Only identified by genetic analysis in 2012, Varied White-fronted Capuchin is a reddish-gold coated primate with a light-coloured breast and dark crowned head. Like most capuchins, their tail makes up about half their total length of around one metre. They have flattened noses with sideways pointing nostrils, a dark forehead and brown eyes.
Varied White-fronted Capuchins are omnivorous frugivores. They use their strong, grasping hands to pull off bark and find insects or rummage in leaf-litter. While on the ground they walk bipedally and hold out their arms to balance. They live in groups of up to thirty individuals and have just one offspring at a time, with no specific mating period.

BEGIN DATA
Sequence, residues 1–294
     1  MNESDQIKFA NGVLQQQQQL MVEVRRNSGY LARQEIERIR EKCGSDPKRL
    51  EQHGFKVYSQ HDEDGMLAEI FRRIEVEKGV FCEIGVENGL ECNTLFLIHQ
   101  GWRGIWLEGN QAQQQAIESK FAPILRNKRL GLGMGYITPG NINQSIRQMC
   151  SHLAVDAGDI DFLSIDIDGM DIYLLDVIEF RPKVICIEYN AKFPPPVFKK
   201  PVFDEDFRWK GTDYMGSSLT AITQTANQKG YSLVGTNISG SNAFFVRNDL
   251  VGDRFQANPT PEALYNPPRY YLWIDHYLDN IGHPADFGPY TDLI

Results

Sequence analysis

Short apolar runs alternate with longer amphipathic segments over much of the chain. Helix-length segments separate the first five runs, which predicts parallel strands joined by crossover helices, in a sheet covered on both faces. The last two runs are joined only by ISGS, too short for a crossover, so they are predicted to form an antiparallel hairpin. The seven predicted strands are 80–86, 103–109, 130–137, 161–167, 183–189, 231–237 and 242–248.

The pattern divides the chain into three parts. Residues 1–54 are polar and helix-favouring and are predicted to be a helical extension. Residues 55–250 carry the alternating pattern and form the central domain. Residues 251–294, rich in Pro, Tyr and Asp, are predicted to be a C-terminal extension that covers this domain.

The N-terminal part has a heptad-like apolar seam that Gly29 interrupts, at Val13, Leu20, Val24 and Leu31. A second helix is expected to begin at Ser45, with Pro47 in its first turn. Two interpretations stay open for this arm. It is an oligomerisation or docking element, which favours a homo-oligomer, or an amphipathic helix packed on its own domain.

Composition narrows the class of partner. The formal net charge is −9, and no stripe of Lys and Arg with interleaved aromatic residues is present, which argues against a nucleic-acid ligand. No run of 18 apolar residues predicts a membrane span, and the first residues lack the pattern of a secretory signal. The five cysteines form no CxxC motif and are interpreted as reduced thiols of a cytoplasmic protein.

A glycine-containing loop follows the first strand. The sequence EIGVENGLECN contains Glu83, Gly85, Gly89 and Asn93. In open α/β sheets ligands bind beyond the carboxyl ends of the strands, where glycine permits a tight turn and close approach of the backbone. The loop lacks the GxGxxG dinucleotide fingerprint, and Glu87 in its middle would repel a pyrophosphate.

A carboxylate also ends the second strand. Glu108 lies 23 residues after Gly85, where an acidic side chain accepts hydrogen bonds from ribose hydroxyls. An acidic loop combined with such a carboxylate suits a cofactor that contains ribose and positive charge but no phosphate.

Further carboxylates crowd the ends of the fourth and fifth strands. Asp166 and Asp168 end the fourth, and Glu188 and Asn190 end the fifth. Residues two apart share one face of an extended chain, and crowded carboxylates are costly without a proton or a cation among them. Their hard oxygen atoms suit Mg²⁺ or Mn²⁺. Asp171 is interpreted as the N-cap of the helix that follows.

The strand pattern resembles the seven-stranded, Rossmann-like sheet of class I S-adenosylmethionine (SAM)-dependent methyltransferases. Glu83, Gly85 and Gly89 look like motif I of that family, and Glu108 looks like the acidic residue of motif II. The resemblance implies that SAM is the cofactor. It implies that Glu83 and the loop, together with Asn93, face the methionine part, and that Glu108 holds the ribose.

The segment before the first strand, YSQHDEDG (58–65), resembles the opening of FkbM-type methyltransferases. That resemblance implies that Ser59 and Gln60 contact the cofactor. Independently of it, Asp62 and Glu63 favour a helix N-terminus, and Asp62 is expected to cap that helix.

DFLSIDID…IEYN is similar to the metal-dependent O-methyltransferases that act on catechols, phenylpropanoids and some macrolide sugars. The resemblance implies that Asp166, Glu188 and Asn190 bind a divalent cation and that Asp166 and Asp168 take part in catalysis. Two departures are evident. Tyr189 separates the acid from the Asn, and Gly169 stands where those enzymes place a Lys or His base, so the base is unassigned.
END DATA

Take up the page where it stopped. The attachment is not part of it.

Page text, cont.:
Some White-fronted Capuchins are known to use tools, including using leaves as drinking cups.
Varied White-fronted Capuchin are restricted to the forests and palm swamps in the Rio Magdalena valley. They are able to live in both primary and secondary forest.
Threats and Conservation
Capuchins face threats from habitat loss and being killed for subsistence hunting. These are particularly worrying for this species as it has a restricted range. As a fairly newly identified species, a lot more work is needed to verify this species’ population threats.
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